Q) Why don't you just relax? Take a vacation and drink some wine, that's how we got pregnant!
A) While relaxation is important, infertility is a disease of the reproductive system.  The stress and emotions felt are the result of infertility, not the cause of it.

Q) Do you think this is God's way of telling you that you two aren't meant to be parents?
A) I don't know God's plan, but I do know what loving parents Ken and I will be and we are pursuing all our options to create our family.

A Few Good Eggs

While this blog title might conjure images of Tom Cruise and Jack Nicholson battling it out, this post isn't about a dramatic court marshal scene in A Few Good Men. It's about me sharing my truth. That truth is that I struggle with infertility, and I mean struuuuugle. Some of you reading this have been a part of this journey from the beginning and some of you will be surprised about the candor in the contents to follow. Consider yourself warned! :) 

Six and a half years ago, I married the best guy and after attending a toddler's birthday party a mere 6 months after our wedding, we decided we wanted to start a family. Throwing caution (and birth control) to the wind, we were sure that within months we would be welcoming a baby into our 600 sq ft apartment. Almost a year later, no baby had arrived. We weren't too concerned yet. We had recently relocated to Colorado from Texas and were settling in to new jobs and a new life and assumed the timing was just off. After a four month trial on Clomid, my doctor recommended turning to a specialist. I still don't think we had grasped that there might be a problem. Infertility happens to other people, right?

We met with our reproductive specialist for the first time in the fall of 2009. He came highly recommend by our friends who had just welcomed a beautiful baby girl thanks to his help. After getting over the initial giggles that the man who was going to help us conceive was named Dr. Bush, we got down to business. We both underwent multiple tests and learned a new language from diagnosticians and nurses and after much poking and prodding sat down to receive our results. The bottom line was that at 30 years old, I was out of good eggs. For unexplained reasons, I had a "severely diminished ovarian reserve." This was a crushing blow. I ugly cried in front of our doctor while Ken held my hand and slid me tissue after tissue. Why was my body failing me just as I was ready to start a family? It wasn't fair. I wanted what seemed to come so easily to so many others. I was angry, frustrated and disappointed in myself and my inability to do what women are made to do. It was just so hard.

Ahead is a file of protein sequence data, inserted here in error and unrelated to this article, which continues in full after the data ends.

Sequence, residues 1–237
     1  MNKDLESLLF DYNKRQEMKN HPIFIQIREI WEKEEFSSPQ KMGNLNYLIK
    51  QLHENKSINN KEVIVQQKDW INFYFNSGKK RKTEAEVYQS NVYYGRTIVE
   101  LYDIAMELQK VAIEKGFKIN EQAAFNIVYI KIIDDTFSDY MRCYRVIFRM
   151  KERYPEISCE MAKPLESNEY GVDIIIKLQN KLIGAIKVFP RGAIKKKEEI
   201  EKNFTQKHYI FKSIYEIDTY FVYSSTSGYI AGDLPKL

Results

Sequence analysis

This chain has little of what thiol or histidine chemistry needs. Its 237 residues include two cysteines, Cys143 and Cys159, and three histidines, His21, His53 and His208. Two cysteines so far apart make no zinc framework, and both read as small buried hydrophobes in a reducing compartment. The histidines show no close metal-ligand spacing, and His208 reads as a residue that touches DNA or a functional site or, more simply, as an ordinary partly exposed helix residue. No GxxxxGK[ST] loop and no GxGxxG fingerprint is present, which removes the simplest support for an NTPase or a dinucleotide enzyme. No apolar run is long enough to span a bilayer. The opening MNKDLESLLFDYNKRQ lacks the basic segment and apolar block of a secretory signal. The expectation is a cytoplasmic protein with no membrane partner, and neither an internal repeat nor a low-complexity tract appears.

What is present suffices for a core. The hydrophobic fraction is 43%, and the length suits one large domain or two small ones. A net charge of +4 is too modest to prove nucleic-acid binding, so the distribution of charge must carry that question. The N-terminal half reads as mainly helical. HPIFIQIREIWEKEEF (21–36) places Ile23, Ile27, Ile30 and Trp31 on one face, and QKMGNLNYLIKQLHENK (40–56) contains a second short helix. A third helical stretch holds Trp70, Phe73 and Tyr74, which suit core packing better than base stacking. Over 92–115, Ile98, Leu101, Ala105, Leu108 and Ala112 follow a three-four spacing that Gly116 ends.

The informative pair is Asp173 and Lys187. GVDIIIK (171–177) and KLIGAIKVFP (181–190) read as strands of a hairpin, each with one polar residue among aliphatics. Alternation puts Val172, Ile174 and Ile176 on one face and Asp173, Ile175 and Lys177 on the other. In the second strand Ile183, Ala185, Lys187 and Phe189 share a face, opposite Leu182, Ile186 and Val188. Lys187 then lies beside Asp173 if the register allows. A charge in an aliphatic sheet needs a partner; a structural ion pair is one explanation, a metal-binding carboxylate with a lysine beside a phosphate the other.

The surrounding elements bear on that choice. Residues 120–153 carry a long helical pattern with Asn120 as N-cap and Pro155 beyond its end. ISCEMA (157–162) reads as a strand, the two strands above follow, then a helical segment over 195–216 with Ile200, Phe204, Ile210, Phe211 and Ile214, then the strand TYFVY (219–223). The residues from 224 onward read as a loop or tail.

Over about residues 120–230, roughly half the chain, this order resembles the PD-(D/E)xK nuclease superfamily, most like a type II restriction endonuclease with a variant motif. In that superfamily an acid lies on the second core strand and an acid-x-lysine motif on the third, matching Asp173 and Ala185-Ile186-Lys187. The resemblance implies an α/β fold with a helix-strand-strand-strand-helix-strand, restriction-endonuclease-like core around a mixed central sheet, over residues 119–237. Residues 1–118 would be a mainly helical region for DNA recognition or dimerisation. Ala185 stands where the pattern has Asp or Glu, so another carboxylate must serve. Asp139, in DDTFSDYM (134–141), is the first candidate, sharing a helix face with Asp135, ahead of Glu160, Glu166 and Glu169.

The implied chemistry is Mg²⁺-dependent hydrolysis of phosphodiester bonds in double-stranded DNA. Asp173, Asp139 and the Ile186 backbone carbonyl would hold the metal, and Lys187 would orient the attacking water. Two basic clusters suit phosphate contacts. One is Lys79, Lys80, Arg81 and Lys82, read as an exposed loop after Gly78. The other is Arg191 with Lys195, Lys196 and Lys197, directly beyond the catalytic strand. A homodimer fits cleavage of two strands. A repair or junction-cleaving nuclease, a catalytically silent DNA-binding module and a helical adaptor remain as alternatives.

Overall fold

Our doctor was very direct with us. The odds of conceiving without assisted reproductive technology (ART) was very low. He recommended that we try IUI as our first treatment because of its (relatively) low cost, and because we might get lucky. We saved up for a few months and got ready to do the treatment in the summer of 2010. In this window of time I poured myself into preparing to get pregnant. I began weekly acupuncture treatments, drank disgusting tinctures and herbal teas, listened to soothing music, tried fertility yoga and had a Mayan abdominal massage. I was READY! We went through one round of IUI and weren't successful. After many tears and shaking an empty angry fist at God, I made the call that I needed a break from "trying". Since 6 months into our marriage, I had counted cycle days, scheduled sex and spent a small fortune peeing on sticks.  Enough was enough.

We spent the next year and a half living the DINK life: buying our first home, taking trips, and drinking fantastic microbrews all over Colorado.  It was a nice break, but at the end of the day I still longed to be a mommy and start our family. We returned to Dr. Bush to get his opinion on how we should move forward. He told us our best option for conceiving would be to pursue IVF with egg donation. After much consideration and saving, we have begun the treatment process.

A dear friend recently encouraged me to share my story and be transparent with what we are going through.  It is my hope that sharing will help me get through the process (its amazing how cathartic just writing this blog has been!) and may help others in the same situation.  

So, now you know the background on what we hope is going to be our happy ending. The blogs to follow will keep you posted on our treatment and will hopefully evolve into a pregnancy blog in the months to come.  Thank you for your support!